NORTH CAROLINA: Convention focuses on being the 'hands and feet of Jesus'

February 12, 2007

The Episcopal Diocese of North Carolina, meeting January 26-27 in its 191st annual Convention, heard Bishop Michael B. Curry challenge them "to be a disciple of Jesus is to follow in his footsteps, to be his hands and feet, his presence in the world."

Curry referred to Matthew 14:22-33, the story of the disciple Peter, who, on one stormy night, got out of his boat and walked on water to meet Jesus.

"Peter was focused on Jesus, talking to him, interacting with him, relating to him, moving in his direction, but when Peter's focus shifted from Jesus to the wind and the waves, he began to sink," said Curry.

Curry told the convention that discipleship is about focusing on Jesus and urged attendees to answer the high calling to transform the world through gospel-based discipleship, mission initiatives such as regional ministry, youth and adult ministry, the School of Ministry, and gospel-based social ministry. He also encouraged the crowd to boldly embrace the Millennium Development Goals (MDGs) aimed at eradicating hunger and poverty in the world by the year 2015.

"This is an urgent necessity to go forth and make a difference in the world," Curry said. "The actions we take now will have a profound effect on our future as a people."

The Convention also featured the Rev. Mike Kinman, executive director of Episcopalians for Global Reconciliation, a network of Episcopalians committed to fighting global, spiritual, and economic poverty by advancing the MDGs.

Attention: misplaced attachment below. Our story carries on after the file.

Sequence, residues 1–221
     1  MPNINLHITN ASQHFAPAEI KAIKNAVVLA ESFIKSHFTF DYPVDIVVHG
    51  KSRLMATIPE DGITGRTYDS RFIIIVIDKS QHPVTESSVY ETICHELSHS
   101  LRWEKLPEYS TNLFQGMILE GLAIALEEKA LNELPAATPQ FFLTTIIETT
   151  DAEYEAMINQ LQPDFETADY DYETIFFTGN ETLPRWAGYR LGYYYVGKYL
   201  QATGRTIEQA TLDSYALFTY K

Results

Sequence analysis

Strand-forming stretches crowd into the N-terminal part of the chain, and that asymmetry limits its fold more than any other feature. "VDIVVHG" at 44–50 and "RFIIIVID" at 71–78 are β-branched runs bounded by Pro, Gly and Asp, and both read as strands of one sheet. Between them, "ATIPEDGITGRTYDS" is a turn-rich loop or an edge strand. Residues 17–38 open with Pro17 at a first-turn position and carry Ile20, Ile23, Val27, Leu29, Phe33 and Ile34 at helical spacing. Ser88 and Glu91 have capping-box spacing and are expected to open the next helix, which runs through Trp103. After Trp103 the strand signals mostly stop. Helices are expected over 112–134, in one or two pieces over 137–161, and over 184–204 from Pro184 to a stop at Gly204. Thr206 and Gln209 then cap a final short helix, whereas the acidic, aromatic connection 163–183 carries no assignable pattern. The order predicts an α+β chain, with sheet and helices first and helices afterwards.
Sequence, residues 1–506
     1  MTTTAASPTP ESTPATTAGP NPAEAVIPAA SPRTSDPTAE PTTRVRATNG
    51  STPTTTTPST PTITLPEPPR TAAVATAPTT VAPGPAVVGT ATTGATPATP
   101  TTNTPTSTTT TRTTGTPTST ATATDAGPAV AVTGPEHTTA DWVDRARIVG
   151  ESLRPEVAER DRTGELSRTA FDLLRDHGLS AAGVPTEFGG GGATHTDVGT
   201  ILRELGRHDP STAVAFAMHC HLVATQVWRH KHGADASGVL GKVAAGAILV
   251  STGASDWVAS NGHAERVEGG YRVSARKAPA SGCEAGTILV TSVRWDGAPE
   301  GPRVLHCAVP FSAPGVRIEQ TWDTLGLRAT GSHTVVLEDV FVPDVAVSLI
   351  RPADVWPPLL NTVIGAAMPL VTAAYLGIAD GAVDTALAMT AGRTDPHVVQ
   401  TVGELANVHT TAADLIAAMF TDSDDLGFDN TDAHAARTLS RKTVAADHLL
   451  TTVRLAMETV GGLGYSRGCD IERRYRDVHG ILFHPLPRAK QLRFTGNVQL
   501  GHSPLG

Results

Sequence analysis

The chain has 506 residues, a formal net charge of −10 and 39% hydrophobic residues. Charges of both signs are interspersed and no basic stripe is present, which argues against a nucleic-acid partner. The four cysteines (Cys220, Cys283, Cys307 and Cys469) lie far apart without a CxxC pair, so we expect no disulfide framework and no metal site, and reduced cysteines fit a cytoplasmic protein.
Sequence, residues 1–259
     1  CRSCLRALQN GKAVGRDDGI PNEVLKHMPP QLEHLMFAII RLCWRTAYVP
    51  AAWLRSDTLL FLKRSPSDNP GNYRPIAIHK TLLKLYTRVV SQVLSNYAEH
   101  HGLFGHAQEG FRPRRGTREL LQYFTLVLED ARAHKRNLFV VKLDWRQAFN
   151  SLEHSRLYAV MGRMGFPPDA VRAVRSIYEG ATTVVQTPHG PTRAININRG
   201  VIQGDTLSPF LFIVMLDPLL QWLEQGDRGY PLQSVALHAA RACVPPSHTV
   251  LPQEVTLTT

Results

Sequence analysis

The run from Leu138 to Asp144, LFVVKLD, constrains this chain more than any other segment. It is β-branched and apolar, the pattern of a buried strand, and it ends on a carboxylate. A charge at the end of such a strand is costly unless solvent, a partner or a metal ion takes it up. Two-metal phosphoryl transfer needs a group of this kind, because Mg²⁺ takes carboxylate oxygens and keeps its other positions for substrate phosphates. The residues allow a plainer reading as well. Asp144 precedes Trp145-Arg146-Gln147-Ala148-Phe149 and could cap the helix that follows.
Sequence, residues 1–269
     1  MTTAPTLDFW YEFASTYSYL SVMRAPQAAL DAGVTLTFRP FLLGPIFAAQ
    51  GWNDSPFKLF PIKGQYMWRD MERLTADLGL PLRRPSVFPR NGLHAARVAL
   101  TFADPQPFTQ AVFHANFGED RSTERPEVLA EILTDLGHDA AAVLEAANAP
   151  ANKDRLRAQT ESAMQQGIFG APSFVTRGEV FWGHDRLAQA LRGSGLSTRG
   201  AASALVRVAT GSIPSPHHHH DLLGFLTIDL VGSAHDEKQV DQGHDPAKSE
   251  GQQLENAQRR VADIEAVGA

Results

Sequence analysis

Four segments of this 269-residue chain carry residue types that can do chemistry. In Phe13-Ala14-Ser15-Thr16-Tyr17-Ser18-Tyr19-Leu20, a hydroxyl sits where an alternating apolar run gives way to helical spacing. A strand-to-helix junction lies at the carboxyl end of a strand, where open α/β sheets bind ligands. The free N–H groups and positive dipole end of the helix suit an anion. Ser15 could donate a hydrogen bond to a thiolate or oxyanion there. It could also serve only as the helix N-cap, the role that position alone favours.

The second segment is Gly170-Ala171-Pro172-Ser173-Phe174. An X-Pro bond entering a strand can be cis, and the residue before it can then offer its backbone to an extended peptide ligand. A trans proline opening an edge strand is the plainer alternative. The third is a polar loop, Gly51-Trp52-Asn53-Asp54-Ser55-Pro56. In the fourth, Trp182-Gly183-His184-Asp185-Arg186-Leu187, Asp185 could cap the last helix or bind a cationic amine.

In observance of its "companion diocese" relationship with the Episcopal Diocese of Costa Rica, the diocese welcomed Costa Rica Bishop Hector Monterroso as a special guest.

Delegates overwhelmingly passed resolutions to:

* "affirm and confess full support of Resolution A167 of the 75th General Convention, 2006 which states that "gay and lesbian persons are by baptism full members of the Body of Christ and of the Episcopal Church as children of God who have a full and equal claim with all other persons upon the love, acceptance, pastoral concern, and care of the church" and apologizes to gay and lesbian people within and outside of the church for “years of rejection and maltreatment by the church."

* call on parishes and members to help establish September 21 as a global day of peace, encouraging members to study, worship and pray on the United Nations International Day of Peace and call on the diocesan liturgical committee to compose models for interfaith services for this observance.

* encourage a transition to the use of renewable energy sources, urge members and congregations to incorporate respect and care for creation into programs of worship and education, reduce energy use through conservation and increased efficiency, and strive to replace fossil fuels with renewable energy sources.

* acknowledge that the diocese has benefited directly and indirectly from slavery and continued institutional racism, seek forgiveness and a truthful understanding of our history regarding slavery and consequential racism, and call for implementation of a "process for substantive Gospel-based reconciliation by and among the people and congregations of the diocese."

Delegates also approved a $4.4 million dollar budget proposal for 2007, an increase of more than 13 percent over 2006, made possible by increased parish support and improved investment earnings.

The Diocese of North Carolina comprises about 48,900 Episcopalians worshipping in 125 congregations.

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